Information and influence in politics


Friendly Lobbying under Time Pressure. (with Emiel Awad)
American Journal of Political Science (forthcoming).
Summary: We propose a dynamic model of informational lobbying and show that pressure to conclude policies quickly restricts the set of allied legislators that lobbyists can rely on as information intermediaries. Rather than making politicians rush deliberations, time pressure can actually lead to better policies.

The value of Confidential Policy Information: Persuasion, Transparency, and Influence.
Journal of Law, Economics, and Organization, 2021.
Winner of the POLECON UK Best Graduate Paper Award
Summary: I show that policy makers can reduce the influence of lobbyists by strategically designing the type of information that they obtain from government agencies.

Negotiating under Political Uncertainty: National Elections and the Dynamics of International Negotiations. (with Mareike Kleine).
British Journal of Political Science, 2019.
Summary: We show that the duration of policy making in the EU significantly increases around national elections, especially so for close elections in large member states. This is consistent with national politicians preferring to maintain some ambiguity about their policy positions.


Political Accountability during Crises: Evidence from 40 years of Financial Policies (with Orkun Saka and Yuemei Ji)

Persuasive Lobbying and the Value of Connections (with Emiel Awad)

Media Coverage of Experts and Politicians: Evidence from a Survey Experiment (with Greg Chih-Hsin Sheen)

Who do Donors Give to? (with Nelson Ruiz)

Incentives and communication in public organisations

Working papers

Spillovers in State Capacity Building: Evidence from the Digitization of Land Records in Punjab. (with Shan Aman-Rana, draft available upon request)
Summary: We exploit the staggered roll-out of a reform that digitized land records to show that the reform led to a significant decrease in agricultural tax collection. The effect is not driven by a change in the size of the tax base but by a decrease in the performance of bureaucrats who lost influence over taxpayers.

Informal Fiscal Systems in Developing Countries. (with Shan Aman-Rana and Sandip Sukhtankar)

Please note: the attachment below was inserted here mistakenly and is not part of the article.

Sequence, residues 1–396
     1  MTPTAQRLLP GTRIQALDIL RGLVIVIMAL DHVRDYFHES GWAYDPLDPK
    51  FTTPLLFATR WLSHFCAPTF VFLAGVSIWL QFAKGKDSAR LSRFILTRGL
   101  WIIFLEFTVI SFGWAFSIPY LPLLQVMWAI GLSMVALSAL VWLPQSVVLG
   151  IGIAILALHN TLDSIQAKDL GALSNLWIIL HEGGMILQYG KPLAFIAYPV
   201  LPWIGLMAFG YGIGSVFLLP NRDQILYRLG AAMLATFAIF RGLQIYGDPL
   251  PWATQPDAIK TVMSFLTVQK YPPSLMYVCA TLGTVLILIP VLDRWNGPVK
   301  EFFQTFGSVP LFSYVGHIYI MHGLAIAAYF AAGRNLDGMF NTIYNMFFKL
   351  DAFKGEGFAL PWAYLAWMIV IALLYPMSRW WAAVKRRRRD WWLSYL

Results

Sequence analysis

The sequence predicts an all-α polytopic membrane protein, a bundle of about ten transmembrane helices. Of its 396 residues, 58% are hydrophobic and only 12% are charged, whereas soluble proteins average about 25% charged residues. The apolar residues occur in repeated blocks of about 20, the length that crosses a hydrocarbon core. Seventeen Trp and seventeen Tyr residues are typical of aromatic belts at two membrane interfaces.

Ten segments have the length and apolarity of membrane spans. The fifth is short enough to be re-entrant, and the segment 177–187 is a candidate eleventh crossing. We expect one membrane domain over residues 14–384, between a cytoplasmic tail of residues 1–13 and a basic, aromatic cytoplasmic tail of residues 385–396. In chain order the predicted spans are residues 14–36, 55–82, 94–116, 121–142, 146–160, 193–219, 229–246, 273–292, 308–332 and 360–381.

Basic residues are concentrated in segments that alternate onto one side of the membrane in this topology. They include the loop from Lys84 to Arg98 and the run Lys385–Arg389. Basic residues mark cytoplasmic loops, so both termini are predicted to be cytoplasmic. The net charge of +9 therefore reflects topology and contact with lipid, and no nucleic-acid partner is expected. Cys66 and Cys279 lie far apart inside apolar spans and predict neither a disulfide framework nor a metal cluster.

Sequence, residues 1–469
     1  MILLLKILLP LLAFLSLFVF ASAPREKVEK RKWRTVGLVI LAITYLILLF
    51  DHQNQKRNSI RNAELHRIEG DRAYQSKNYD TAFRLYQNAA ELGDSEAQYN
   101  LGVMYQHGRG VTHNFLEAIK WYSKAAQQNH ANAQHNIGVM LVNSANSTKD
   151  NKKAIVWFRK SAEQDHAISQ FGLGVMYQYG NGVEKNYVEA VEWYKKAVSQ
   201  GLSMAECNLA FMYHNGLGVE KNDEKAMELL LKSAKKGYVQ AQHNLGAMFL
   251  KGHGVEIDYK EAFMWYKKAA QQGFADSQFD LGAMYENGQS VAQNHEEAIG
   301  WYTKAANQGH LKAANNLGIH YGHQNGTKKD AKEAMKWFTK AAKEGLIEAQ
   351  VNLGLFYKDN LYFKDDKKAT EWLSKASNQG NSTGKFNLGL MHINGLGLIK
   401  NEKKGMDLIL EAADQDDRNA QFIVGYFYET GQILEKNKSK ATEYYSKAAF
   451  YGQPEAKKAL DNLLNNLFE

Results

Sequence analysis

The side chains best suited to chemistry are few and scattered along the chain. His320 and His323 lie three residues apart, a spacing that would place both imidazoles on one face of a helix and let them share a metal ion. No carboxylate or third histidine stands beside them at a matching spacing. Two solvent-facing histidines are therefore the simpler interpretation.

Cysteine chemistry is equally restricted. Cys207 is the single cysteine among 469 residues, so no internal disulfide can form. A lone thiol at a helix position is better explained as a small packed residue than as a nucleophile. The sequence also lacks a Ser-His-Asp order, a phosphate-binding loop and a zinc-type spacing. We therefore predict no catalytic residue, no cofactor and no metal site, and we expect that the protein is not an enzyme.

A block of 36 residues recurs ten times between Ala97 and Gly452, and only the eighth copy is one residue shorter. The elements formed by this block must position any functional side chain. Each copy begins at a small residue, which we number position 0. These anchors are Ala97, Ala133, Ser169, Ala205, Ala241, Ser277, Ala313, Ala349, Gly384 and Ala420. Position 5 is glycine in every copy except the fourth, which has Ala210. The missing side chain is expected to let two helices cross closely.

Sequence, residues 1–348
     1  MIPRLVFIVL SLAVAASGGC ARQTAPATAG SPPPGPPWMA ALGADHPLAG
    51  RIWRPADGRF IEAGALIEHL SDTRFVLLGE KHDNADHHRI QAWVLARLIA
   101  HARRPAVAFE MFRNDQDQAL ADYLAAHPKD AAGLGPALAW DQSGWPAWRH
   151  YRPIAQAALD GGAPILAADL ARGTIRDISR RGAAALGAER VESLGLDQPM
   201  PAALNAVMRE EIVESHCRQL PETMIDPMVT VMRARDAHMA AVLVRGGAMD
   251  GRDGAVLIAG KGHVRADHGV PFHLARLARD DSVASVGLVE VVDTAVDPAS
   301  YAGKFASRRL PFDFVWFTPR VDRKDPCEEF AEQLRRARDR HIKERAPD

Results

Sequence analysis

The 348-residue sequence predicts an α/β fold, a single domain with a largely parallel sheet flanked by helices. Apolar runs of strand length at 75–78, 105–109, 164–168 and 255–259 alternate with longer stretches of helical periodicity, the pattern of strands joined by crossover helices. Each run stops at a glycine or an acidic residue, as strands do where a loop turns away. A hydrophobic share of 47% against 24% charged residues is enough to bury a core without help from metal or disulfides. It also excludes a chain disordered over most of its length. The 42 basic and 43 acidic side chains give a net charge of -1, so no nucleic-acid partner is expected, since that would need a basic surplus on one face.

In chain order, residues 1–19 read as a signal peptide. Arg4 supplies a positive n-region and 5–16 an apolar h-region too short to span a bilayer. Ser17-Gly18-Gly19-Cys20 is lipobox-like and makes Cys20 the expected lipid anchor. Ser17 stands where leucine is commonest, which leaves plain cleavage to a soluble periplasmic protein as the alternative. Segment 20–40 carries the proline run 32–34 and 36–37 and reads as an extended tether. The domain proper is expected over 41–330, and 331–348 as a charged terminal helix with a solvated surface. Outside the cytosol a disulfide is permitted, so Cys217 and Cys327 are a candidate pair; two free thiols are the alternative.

Summary: We document that bureaucrats in developing countries often contribute financially to the provision of public services. Because these bureaucrats also often collect bribes from the public, we can interpret corruption as an informal system of redistribution. We propose a model to understand the information and political frictions that sustain these informal fiscal systems.

Gender and Choice over Co-workers: Experimental Evidence. (with Shan Aman-Rana, Brais Álvarez Pereira and Shamyla Chaudry)
Summary: We find that a randomly-allocated co-worker can decrease the performance of a worker. This is particularly the case for female workers collaborating with male co-workers in gender-stereotypical tasks. Allocating a co-worker that the participants had listed as a preferred co-worker alleviates this problem. This is consistent with the workers engaging in social signaling with co-workers they don't know well.

Doors and Perceptions: Motivations, Beliefs, and the Returns to Canvassing.
Summary: I show that the information transmitted by political activists in electoral campaigns depends on their motivation for campaigning which, in turn, depends on how persuasive they expect that information to be. This interaction should be taken into account when extrapolating the returns measured by field experiments on door-to-door canvassing and when organising political campaigns.


Efficiency of Discretionary Allocations: Evidence from the Pakistani Administrative Service. (with Shan Aman-Rana, Gaurab Aryal, and Zahid Habib Bhutta)